David Craig writes:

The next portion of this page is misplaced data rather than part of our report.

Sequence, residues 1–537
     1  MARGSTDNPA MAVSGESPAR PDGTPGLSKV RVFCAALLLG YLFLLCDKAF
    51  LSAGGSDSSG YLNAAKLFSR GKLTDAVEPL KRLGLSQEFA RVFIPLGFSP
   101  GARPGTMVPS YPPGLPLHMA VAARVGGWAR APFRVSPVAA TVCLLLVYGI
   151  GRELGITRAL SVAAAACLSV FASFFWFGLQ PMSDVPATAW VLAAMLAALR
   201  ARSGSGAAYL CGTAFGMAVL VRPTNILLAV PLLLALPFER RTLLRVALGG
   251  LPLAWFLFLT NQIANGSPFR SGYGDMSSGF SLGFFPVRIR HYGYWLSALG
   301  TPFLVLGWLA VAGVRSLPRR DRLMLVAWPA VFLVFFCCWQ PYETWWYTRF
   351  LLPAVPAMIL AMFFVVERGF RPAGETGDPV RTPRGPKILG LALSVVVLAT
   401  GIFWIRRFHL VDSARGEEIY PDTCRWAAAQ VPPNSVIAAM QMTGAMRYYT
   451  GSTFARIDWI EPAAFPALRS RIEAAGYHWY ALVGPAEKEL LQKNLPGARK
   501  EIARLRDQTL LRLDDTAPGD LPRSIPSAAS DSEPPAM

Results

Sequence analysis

This book is almost parodically characteristic of Robert Macfarlane’s work. He is a scholar of place – of terrain, terroir, the land – and at times references, sources and citations have bulked uncomfortably large in his writing. Certainly he frequents the countryside at close quarters and often strenuously. He sleeps out, on mountains and moors. He walks arduously, along coasts and by holloways. He has spent months in our wild places from Sutherland and the Outer Hebrides to the extremities of Wales. He visits them, rather than living in them. He goes out of a strong feeling for nature, as a professional observer and writer – one who knows, or hopes, that he is going to have experiences that will be fruitful for his work. In this his mindset differs from that of most of the country writers who have stayed with me indelibly: William Cobbett of Rural Rides, a farmer’s son and himself a farmer from time to time; John Muir of My First Summer in the Sierra, a farmer’s son and farmer; and Lewis Grassic Gibbon of A Scots Quair, a farmer’s son from the Mearns in north-east Scotland. All three produced work that strikes me as special – as important, if you like – because they saw the countryside and its people as part of human society, rather than as stimuli for personal fascination. And they all came up with sequences or moments that are touchstones for their kind: Cobbett meeting a woman who has never been outside her parish, Muir rejoicing in the dewdrops on flowers one July morning, Gibbon describing a farm woman lost in thought in the gloaming after returning to her birthplace.